And that’s precisely the level on which Strange sees the work operating. ”There are some very strong political implications for this work … and I definitely acknowledge that,” he says. ”But I was really careful not to make works that were just about these broken-down suburbs and this ‘ruin porn’ thing. I know that in Detroit they’re really sensitive about that kind of thing, and we were really aware of keeping this project focused on the idea of being a reaction to the icon of the house in the suburbs, rather than a reaction to some of those socio-economic factors.”

Excerpt from the article, July 20, 2013 on The Age website

.

Ian Strange Film still from 'SUBURBAN'

.

Ian Strange
Film still from SUBURBAN
© Ian Strange 2013

.

Installation photograph of Ian Strange film still from 'SUBURBAN' © Marcus Bunyan

.

Installation photograph of Ian Strange film still from SUBURBAN
© Marcus Bunyan

.

Installation photograph of Ian Strange film stills from 'SUBURBAN' © Marcus Bunyan

.

Installation photograph of Ian Strange film stills from SUBURBAN
© Marcus Bunyan

.

.

NGV Studio
The Ian Potter Centre: NGV Australia, Federation Square

Opening hours:
Daily 10 am – 5 pm

National Gallery of Victoria website

LIKE ART BLART ON FACEBOOK

Back to top

11
Jan
12

Stencil art: I promise never to make art again

.

.

Stencil art just off Chapel St in Windsor, Melbourne, January 2012.
Someone even filled it out – obviously a severe crisis of confidence!

.

.

LIKE ART BLART ON FACEBOOK

Back to top

18
Nov
11

Essay: ‘Now you see it, now you don’t: the history and conservation of The Keith Haring Mural, Johnston Street, Collingwood, Melbourne,’ by Dr Marcus Bunyan

.

.

In response to the polemic article “Brushed aside: artistic landmark must return to 1980s glory” by Hannah Mathews in The Age newspaper on November 17th, 2011 I feel compelled to offer a more balanced appraisal of the problems regarding the conservation and preservation of the Keith Haring Mural painted on a wall of the former Collingwood Technical School in Collingwood, Melbourne.

I was not going to publish this essay but now the time is right!

As I note in the essay Haring’s attitude to repainting seems to be at best ambiguous. As several people advocate, I support building a wall perpendicular to the original and painting a facsimile on the new wall. As the original is one of few remaining outdoor murals in the artists hand, I believe it is important to conserve what we have left of the original and painting a simulacra would satisfy those that want a “fresh” copy.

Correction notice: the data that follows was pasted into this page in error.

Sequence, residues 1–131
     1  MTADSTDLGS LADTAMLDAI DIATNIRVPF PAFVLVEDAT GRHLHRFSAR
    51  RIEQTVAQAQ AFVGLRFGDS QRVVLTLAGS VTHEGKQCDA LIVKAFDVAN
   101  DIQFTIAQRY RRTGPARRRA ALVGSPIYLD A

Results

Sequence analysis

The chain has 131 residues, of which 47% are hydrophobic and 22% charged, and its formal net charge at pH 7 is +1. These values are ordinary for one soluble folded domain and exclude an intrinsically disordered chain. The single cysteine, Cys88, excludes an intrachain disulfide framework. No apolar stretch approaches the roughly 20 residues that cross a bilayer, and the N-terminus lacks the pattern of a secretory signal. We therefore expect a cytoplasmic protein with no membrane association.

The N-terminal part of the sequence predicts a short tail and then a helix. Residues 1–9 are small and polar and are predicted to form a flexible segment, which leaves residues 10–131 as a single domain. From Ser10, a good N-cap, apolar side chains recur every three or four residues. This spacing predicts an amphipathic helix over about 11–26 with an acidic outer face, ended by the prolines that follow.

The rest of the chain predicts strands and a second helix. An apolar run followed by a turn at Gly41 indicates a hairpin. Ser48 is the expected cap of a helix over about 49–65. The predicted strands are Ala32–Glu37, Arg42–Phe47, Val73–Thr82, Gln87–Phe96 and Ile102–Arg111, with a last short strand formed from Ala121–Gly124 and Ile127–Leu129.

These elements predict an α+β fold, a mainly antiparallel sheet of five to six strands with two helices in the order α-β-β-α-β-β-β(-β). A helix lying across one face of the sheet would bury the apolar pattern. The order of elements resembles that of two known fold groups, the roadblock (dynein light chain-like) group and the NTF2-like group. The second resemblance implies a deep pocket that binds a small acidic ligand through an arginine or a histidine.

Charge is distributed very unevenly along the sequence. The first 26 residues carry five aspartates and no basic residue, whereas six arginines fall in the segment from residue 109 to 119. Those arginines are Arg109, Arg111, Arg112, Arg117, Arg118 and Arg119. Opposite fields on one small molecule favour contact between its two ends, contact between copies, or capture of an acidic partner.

This essay is based on my own question, namely an investigation into the deterioration of a public work of art; the stabilisation of an ephemeral work; the role of the conservator in preserving the work; and the broader cultural perspectives involved when treating the work: reflections on the community from which it originates and notions of ownership and authorship. It was completed as part of my Master of Art Curatorship being undertaken at The University of Melbourne.

Please remember that this essay was written last year in September 2010, before the report from Arts Victoria and was then recently updated. Many thankx to Dr Ted Gott and to Andrew Thorn for their knowledge and help during the research for this essay.

Dr Marcus Bunyan

.

PS. Apologies that there are no image credits in the essay. If anyone knows the photographers please let me know and I will post but I hope they do not mind me using the photographs (in the interests of art, research and conservation).

.

.

Abstract

This essay will examine the history and conservation of The Keith Haring Mural painted on a wall of the former Collingwood Technical School in Collingwood, Melbourne. The essay will attempt to identify the issues involved with current attempts to conserve the mural, including issues of authorship, custodianship vs ownership, stabilisation of the mural and the debate between repainting and conserving. This essay is based on my own question, namely an investigation into the deterioration of a public work of art; the stabilisation of an ephemeral work; the role of the conservator in preserving the work; and the broader cultural perspectives involved when treating the work: reflections on the community from which it originates and notions of ownership and authorship.